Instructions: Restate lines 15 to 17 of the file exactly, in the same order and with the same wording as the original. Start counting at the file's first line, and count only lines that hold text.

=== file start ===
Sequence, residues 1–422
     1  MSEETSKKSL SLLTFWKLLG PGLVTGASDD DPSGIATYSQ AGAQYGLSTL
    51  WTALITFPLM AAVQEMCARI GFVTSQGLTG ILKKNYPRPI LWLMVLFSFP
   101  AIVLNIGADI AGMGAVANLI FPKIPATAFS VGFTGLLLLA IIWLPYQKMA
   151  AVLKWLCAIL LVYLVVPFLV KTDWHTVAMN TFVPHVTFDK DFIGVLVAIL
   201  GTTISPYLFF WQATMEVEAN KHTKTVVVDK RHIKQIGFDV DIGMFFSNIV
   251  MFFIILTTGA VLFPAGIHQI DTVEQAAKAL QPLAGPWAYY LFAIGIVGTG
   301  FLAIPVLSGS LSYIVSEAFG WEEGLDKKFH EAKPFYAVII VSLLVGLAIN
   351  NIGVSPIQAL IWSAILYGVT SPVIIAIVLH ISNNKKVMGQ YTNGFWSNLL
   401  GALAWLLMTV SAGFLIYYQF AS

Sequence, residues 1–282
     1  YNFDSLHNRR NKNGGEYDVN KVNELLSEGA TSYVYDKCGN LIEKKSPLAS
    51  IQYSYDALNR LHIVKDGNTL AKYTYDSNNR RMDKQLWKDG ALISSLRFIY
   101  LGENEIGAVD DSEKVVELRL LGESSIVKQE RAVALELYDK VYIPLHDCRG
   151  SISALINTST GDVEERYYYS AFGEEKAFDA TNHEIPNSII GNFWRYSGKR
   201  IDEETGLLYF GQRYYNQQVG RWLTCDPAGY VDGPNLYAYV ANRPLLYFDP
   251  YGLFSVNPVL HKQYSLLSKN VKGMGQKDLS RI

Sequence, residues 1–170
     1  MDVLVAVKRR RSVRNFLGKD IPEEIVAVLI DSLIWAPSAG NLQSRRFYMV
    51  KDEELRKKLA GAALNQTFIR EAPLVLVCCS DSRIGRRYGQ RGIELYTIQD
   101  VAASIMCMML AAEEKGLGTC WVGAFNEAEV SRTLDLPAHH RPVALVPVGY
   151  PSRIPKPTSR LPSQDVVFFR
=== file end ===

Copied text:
   151  SISALINTST GDVEERYYYS AFGEEKAFDA TNHEIPNSII GNFWRYSGKR
   201  IDEETGLLYF GQRYYNQQVG RWLTCDPAGY VDGPNLYAYV ANRPLLYFDP
   251  YGLFSVNPVL HKQYSLLSKN VKGMGQKDLS RI